Hale’s magnetic, mesmerizing ‘Self-Portrait’
There’s blood in that pale, sinewy hand. Blood and resolve. Idle for now, it won’t stay that way for long. It’s poised for action.
The hand belonged to Ellen Day Hale, who painted it herself in 1885.
It’s part of a self-portrait, one of the best in the Museum of Fine Arts, where it hangs in the Art of the Americas Wing, in a gallery devoted to the so-called Boston School.
Like all the other works in this gem of a gallery, the work is pleasing to look at. It’s easy to appreciate the loosely brushed blue background with its scattering of parti-colored blossoms; the big round ostrich feather fan in the foreground; the rich array of blacks.
But before you can register this — before “taste” and “design” have a chance to announce themselves — what arrests your attention is all psychological.
Hale appraises us with intelligent, unforgiving eyes that won’t let us go. She is not interested in foolishness or play acting. Both her tilted head, so dramatically and brilliantly rendered, and its off-center position enhance the portrait’s immediacy. Like Edgar Degas’s breakthrough 1865 portrait, “Woman Seated Beside a Vase of Flowers,” which shows a woman simultaneously sidelined and made more vivid by a huge bunch of flowers, it increases the sense we have that this is a real woman occupying space in real time — as opposed to “portrait time,” which is imaginary.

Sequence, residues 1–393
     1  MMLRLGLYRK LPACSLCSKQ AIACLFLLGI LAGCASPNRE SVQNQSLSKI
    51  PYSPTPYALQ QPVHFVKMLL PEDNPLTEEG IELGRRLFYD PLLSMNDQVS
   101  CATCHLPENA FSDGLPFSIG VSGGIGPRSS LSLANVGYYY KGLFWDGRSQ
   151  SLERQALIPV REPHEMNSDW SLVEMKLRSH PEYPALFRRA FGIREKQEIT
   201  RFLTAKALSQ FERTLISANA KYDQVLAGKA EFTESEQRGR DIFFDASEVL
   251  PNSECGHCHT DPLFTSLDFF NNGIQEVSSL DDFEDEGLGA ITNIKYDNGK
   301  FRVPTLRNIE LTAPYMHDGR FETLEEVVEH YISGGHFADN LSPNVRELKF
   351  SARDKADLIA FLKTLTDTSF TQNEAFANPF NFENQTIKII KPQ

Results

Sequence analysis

Hale gives us no choice. You glance in the painting’s direction, and almost hear the whoosh and click, like a magnet hoovering up metal.
Hale had just returned from Paris when she painted it. She was born in Worcester into a distinguished Boston Brahmin family (her great aunt was Harriet Beecher Stowe) on Feb. 11, 1855. She died on the same day 85 years later. Her brother was the artist and critic Philip Leslie Hale, who married the wonderful painter Lilian Westcott Hale.
She was around artists, writers, educators, and women’s suffragists a lot.
She studied art with William Rimmer, and then with William Morris Hunt and his co-teacher, Helen Knowlton, who had a special impact, before furthering her studies in Philadelphia and Paris.
She never married, but in 1883 she met fellow artist Gabrielle DeVeaux Clements, with whom she later settled down in a house called “The Thickets” in Gloucester.
What, I still wonder, is the look she is giving me, as I stand before this self-portrait? I could throw words at it: disdainful, intolerant of fools, appraising, anxiously tender. But none will stick; all seem less than half-true.
In any case, she is not looking at me. She is looking at herself. What she saw there probably surprised and engaged her as much as it does me.
By Ellen Day Hale. At Museum of Fine Arts. 617-267-9300. www.mfa.org